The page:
As a science fiction fan I spend much of my time letting my imagination explore possible futures. Some of those futures are post-apocalyptic. Plagues, bombs, meteors, alien invasion, what have you. And in those cases the population of the Earth is often severely lessened, as is the level of technology and industry. Things might eventually get better, but it took an apocalyptic event to bring that about. There’s a very concrete sense of starting from scratch. And I like post-apocalyptic fiction, but then I like things like Star Trek too. If pressed, I’d have to say I prefer things like Star Trek. Where we figured it all out and somehow got our shit together and fixed things before we broke them so bad we couldn’t go back. And I like them because they represent the future I would love to have. The future I wish I could believe in. And I can’t. I just can’t bring myself to believe that the people with the power to change the big things will do so and will do so in a timely enough fashion. It is thoroughly depressing.


April 22, 2011 Posted by | daily reviews | , , | 1 Comment

An Inconvenient Truth

April 22, 2011

An Inconvenient Truth

Happy Earth Day fellow Earthians. This year we decided to watch a decidedly Earth-friendly movie that we had been postponing because it’s frankly a kind of heavy movie about issues we have little influence over. I’ve watched it before (it was of those movies I watched over the course of several lunch breaks at Blockbuster when it first came out) but Amanda has never had the heart to watch it because she knew just how depressing it would be.

This is, of course, the first ever Oscar winning Powerpoint presentation. (Okay, technically not Powerpoint – he uses Apple’s Keynote and not Microsoft’s Powerpoint.) Environmentalist, entrepreneur, and politician Al Gore (better known for his many guest appearances on Futurama) makes the case here that human society is destroying the planet we inhabit. That if we continue to live as we have been living the place we inhabit will become inimical to human life.

There’s really not much movie here to review. We see Al showing his very well produced slide show interspersed with more personal introspection on his own personal journey. He talks about his family, growing up on a farm, nearly losing his son, and his political career. It’s a sort of strange juxtaposition of cerebral thought provoking lecture and humanising autobiography. It seems odd that in the midst of this heartfelt plea to save the very Earth itself Al takes the time to try and talk about his own personal experiences. I think it must be because Al himself is a strange juxtaposition of politician and activist. He still has that desire for public acceptance and validation that must necessarily be part of any politician’s personality and it’s mixed with his role as a serious minded environmentalist with a mission.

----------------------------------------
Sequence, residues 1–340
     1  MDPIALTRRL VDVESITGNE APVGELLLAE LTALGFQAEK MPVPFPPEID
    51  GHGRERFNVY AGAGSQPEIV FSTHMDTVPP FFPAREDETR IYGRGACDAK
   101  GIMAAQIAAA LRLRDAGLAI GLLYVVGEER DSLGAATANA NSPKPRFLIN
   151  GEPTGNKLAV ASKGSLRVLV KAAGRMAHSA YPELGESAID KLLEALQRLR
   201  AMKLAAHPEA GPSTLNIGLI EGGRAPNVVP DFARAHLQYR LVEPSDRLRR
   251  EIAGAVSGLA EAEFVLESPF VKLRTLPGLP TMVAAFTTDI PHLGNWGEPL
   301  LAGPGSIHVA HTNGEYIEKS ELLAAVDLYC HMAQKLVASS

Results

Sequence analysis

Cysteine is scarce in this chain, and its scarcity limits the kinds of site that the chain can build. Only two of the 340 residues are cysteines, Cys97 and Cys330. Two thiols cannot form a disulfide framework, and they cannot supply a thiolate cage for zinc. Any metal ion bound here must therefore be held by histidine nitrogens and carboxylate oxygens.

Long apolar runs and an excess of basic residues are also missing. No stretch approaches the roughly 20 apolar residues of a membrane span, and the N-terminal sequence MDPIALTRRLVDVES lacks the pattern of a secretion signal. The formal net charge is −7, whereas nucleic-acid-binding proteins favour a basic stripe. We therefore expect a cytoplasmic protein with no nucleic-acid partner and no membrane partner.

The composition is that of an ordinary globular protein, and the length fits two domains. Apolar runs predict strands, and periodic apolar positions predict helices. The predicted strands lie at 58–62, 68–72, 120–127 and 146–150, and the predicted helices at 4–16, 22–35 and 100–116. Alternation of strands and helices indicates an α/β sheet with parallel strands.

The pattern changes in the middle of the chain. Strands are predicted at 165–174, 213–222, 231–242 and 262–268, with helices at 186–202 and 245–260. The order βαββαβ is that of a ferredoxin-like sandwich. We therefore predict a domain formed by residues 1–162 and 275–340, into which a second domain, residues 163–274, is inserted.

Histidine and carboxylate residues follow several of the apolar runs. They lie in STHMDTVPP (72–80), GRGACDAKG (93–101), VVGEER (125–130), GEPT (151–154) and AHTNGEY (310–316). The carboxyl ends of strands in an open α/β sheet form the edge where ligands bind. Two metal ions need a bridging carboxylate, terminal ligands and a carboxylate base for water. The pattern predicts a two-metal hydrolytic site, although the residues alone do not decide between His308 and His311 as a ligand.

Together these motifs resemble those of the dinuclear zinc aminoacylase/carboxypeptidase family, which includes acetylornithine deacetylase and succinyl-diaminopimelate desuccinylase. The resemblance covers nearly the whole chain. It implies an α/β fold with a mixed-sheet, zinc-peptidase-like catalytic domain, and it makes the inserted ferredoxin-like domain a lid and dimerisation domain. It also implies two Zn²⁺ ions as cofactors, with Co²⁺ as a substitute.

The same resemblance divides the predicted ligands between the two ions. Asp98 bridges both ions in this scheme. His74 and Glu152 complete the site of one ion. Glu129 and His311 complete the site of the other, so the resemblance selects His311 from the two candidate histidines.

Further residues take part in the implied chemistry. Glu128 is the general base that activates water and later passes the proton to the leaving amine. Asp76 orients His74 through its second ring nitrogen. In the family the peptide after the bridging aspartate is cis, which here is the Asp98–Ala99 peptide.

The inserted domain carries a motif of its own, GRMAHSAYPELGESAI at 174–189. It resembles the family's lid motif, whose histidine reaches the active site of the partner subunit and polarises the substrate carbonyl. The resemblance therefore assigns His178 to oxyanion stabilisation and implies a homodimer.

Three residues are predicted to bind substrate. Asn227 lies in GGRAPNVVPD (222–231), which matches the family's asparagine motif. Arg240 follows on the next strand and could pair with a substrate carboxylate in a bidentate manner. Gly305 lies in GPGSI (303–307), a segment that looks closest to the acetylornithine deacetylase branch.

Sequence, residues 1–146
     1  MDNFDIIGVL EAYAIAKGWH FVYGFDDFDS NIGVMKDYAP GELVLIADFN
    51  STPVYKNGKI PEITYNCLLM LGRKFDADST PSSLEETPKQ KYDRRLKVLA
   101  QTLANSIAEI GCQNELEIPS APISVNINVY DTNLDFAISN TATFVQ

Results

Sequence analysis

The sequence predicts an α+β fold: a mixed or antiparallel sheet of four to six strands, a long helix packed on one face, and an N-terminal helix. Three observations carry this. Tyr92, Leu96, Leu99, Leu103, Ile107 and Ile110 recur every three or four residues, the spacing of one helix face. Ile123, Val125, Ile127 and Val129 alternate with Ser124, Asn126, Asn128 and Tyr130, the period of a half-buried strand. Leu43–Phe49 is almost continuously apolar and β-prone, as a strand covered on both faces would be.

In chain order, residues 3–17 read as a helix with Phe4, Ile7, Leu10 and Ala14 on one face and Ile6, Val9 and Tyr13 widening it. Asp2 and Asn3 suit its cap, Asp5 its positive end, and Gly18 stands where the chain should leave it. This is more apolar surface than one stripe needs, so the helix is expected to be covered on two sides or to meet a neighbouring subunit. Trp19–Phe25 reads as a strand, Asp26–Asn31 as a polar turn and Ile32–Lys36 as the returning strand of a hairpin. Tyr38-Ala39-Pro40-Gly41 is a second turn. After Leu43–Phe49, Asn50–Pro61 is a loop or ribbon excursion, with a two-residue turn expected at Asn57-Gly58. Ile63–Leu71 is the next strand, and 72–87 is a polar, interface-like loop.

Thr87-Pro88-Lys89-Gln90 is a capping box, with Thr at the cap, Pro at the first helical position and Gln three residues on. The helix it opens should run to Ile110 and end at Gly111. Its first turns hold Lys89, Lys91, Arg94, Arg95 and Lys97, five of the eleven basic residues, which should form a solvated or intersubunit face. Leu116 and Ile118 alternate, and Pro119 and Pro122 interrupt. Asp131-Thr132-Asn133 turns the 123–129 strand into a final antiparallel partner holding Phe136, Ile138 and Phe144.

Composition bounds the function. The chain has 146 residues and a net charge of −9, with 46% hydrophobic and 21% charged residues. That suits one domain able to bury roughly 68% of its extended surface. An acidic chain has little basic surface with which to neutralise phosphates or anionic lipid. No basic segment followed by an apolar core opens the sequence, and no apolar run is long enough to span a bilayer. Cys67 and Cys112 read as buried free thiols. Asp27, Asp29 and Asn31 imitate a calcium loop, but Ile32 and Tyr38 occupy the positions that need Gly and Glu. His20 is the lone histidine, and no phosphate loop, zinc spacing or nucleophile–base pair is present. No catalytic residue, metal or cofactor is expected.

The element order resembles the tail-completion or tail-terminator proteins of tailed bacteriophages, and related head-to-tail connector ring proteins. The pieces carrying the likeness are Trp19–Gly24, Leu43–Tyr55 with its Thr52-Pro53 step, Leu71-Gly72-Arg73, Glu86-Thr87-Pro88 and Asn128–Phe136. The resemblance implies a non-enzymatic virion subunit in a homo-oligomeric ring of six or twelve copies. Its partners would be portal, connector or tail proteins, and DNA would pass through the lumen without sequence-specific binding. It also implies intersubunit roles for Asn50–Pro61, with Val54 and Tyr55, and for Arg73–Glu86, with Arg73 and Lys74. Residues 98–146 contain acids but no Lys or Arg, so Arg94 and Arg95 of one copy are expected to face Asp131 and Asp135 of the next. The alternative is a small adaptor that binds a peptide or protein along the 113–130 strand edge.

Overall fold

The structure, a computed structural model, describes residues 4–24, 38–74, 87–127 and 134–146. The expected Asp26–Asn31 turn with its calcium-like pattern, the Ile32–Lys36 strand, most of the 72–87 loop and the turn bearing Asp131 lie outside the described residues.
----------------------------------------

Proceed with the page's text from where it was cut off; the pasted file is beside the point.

When I watch this movie it’s not for Al Gore though. It’s for his message. I consider myself an environmentalist. I consider myself in touch with the planet, for all that I have sequestered myself indoors for most of my adult life and spend more time in video games than in the woods. I still believe that as stuarts of the planet we have a responsibility to keep it green. Not so much for future generations, since I don’t particularly intend to spawn any, but out of a simple love for the planet and out of fond memories of hiking in the Sierra mountains in my youth.

On the other hand there’s a fatalist side of me that says we have passed the point of no return and that massive environmental change is inevitable at this point. I still make a concerted effort to be green and conserve where I can, but it sometimes seems to me that the powers that be care more about lining their pockets than about saving the hundreds of thousands of lives that will be imperiled by the environmental changes that are already well under way. I don’t think that any sane person will be able to deny that global warming is a simple fact of life in the coming decades. Already summers are becoming more and more excruciatingly hot. There’s more moisture in the warm air which has resulted in ridiculous amounts of snowfall in the northeast part of the US where we live this last winter. How long is it before the surface of the planet becomes so inhospitable to human life that we all retreat indoors or underground? It’s like living in a very slow moving disaster movie.

My immediate reaction on first seeing this movie was to replace all the lightbulbs in our apartment, over the course of a couple months, with compact fluorescents. We use reusable bags when we shop for groceries. I have begun to buy LED lightbulbs as well – expensive as they are – because they use one hundredth of the power of old incandescent bulbs. I’d say that by volume about two thirds of our garbage is separated to be recycled. I have promised myself that my next car will be either a hybrid or an all electric car. I will eagerly pay more for electricity generated by the Cape Wind project if it ever gets constructed. My dearest wish is to live off the grid in a self sufficient manner, generating my own electricity from solar and wind power – though that’s pretty much a daydream and not a realistic goal.

So, yes, I do believe that we as humans are having an impact on the planet. I’m not convinced that there’s anything that can be done to stop it, but I’m willing to try. If only more people felt as I do, but it seems that they do not.

This movie is five years old now. I’d be curious to see what updates Al has made to his presentation in that time. I wonder if he plans to make a sequel? Inconvenient Truth II: Truthier Electric Boogaloo.

April 22, 2011 Posted by | daily reviews | , | 1 Comment